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to Section One | to Arts & Entertainment
posted Friday, April 19, 2013 - Volume 41 Issue 16
Should Seattle's Gay men be worried about meningitis?
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Should Seattle's Gay men be worried about meningitis?

by Mike Andrew - SGN Staff Writer

How worried should we be about meningitis? The short answer is 'not very.' A longer and more complete answer is also a little more complicated.

Certainly media coverage of the recent meningitis outbreak in New York City, and an even more recent death in West Hollywood, have focused the community's attention on what had been a relatively obscure disease, and for many Gay men, it has called to mind the early stages of the AIDS epidemic.

However, meningitis progresses in a much different way than HIV, and fears of a new meningitis epidemic may be overblown.

DEFINING THE PROBLEM
Meningitis is an inflammation of the membranes covering the human brain and spinal cord, called the meninges. While we use the single name 'meningitis' to describe this condition, it has several possible causes.

One common type is viral meningitis, which can be caused by several strains of virus, including HIV. A fungal infection, cryptococcal meningitis, is closely associated with HIV/AIDS, and is, in fact, the immediate cause of 20% to 25% of AIDS-related deaths in Africa.

Bacterial meningitis, caused by Neisseria meningitides bacteria, can be much more dangerous, and this is the type of meningitis found in both the New York City and West Hollywood cases.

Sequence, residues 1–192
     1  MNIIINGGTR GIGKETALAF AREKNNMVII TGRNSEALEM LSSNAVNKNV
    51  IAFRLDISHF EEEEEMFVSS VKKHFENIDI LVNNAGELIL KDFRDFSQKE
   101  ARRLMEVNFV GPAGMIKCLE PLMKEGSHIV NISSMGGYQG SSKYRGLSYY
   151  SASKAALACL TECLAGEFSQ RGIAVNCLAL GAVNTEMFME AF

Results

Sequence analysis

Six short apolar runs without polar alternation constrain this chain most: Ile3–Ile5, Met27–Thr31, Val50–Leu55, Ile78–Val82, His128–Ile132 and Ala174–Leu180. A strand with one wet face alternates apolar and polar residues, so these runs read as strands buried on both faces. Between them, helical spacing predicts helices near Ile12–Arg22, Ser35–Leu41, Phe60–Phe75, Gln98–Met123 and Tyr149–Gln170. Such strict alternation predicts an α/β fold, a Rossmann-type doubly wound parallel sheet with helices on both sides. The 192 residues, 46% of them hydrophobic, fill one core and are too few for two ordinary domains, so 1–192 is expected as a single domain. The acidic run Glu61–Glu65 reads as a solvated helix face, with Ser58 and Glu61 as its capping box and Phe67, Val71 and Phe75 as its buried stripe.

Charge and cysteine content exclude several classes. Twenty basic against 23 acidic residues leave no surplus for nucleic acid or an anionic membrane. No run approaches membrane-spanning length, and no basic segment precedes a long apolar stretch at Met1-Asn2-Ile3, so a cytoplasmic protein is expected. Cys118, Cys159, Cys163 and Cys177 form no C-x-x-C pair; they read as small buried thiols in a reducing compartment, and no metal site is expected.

Symptoms commonly include severe headache, stiffness or rigidity of the neck, high fever, mental confusion, sensitivity to light, and sometimes a distinctive skin rash. There may be inflammation of the brain itself or its blood vessels, and the infection may lead to sepsis.

While the disease can be fatal, meningitis patients respond very well to antibiotics, especially if they are administered soon after infection, and there are standard vaccines that can prevent the disease.

A RARE DISEASE
According to Dr. Jeffrey Duchin, chief of the Communicable Disease Epidemiology and Immunization Section at Public Health Seattle-King County, cases of bacterial meningitis are very well-documented, but also very rare.

'Viral meningitis is less severe and it's not reportable [to public health officials],' Duchin told SGN, 'but bacterial meningitis, which spreads from person to person, is reportable. That's required in almost every state - so we have very complete reporting.

'In King County we've had only one case this year, and that was a child. In 2012 we had four cases total, two of them adults, and in 2011 we had eight cases.

'Even in New York City, where we're talking about an 'outbreak,' Duchin continued, 'it's only 22 cases since 2010, and only three cases this year.'